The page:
The corporate watchdog needs to clarify which civil penalty provisions will be exempt from the new breach reporting requirements, according to the Association of Financial Advisers (AFA).
AFA chief executive, Phil Anderson, said there were just over three months until the new breach reporting regime came into play and that the exemption was the big variable at the moment.
“The Government has the ability to exempt certain civil penalty provisions from being reportable. Because the definition comes back to: is it a core obligation and is it significant?
“’Significant’ is assessed based on whether it is an offence above a maximum penalty of three months or more for dishonesty, or 12 months for other reasons, or it’s a civil penalty provision. But there is room for civil penalty provisions to be excluded via regulation as an exemption.
“That’s the bit that is to be finalised – what civil penalty provisions will be exempted from being caught under the breach reporting requirements?”
Anderson said he wanted to see breach reporting remain focused on significant breaches and that it should not pick up minor and administrative issues.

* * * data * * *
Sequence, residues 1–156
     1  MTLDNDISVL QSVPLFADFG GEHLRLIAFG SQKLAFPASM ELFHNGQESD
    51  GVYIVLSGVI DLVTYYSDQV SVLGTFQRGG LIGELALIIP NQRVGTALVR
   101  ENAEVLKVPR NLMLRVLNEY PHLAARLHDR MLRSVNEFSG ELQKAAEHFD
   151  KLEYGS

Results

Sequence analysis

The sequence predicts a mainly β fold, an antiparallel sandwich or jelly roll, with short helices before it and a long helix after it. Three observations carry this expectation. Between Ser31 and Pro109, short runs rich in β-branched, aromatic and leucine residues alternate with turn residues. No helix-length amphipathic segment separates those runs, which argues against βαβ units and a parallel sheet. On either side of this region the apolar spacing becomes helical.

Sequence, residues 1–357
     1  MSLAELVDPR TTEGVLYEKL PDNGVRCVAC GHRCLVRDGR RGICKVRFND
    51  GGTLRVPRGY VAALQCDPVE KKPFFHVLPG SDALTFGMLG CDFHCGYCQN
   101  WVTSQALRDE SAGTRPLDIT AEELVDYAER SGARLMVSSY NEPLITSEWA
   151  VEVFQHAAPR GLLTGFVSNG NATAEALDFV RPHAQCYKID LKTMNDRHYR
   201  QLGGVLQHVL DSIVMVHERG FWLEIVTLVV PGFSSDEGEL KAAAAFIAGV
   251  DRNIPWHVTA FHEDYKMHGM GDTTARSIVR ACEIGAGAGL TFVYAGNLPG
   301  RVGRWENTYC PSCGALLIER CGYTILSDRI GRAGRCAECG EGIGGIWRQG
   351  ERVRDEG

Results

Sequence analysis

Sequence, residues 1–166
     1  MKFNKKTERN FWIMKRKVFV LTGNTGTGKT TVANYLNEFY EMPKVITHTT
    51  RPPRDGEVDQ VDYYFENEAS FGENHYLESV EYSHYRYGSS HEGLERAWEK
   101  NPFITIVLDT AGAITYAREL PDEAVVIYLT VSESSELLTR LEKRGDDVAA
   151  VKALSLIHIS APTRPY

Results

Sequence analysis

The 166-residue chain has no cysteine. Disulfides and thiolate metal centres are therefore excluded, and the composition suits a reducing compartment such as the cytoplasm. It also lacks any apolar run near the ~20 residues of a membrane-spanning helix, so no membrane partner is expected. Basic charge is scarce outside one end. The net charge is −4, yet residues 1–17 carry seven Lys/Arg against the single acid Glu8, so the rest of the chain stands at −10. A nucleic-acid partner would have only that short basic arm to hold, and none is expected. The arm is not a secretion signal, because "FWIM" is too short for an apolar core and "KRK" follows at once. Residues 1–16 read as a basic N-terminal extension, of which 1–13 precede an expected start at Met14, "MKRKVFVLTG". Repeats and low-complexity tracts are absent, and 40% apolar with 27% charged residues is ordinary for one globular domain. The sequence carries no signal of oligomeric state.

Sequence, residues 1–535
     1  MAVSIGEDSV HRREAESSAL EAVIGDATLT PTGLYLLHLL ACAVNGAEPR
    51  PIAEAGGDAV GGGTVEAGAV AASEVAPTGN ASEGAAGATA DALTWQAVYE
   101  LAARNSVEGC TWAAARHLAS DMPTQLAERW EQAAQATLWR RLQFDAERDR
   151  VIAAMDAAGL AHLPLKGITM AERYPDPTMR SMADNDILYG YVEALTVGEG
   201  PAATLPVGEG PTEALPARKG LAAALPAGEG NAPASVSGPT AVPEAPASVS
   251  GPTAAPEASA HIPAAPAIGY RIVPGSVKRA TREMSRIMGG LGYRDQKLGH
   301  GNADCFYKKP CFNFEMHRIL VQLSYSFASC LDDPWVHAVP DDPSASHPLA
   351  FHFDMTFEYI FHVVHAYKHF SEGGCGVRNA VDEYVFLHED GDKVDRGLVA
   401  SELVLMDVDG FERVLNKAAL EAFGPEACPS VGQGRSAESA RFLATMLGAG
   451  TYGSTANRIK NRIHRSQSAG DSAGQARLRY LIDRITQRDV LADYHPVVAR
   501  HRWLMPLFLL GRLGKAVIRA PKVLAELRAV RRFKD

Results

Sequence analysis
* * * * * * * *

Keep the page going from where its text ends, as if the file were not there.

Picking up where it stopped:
“Part of the complication is that a lot of the breaches of best interest duty at the moment are minor and administrative,” he said.
“For example, failing to adequately document the actions they’ve taken with respect to meeting one of the safe harbour steps. That seemingly could end up being reportable. So, it’s about making sure those minor administrative matters, whether it is breach reporting of financial disclosure statements don’t become reportable.”
While ASIC had published draft guidance on the regime, Anderson said it was incredibly complex and that it would be difficult for small licensees to understand what was reportable and what was not reportable.
“It will lead to a significant increase to what needs to be reported and there will be a cost that goes with that,” he said.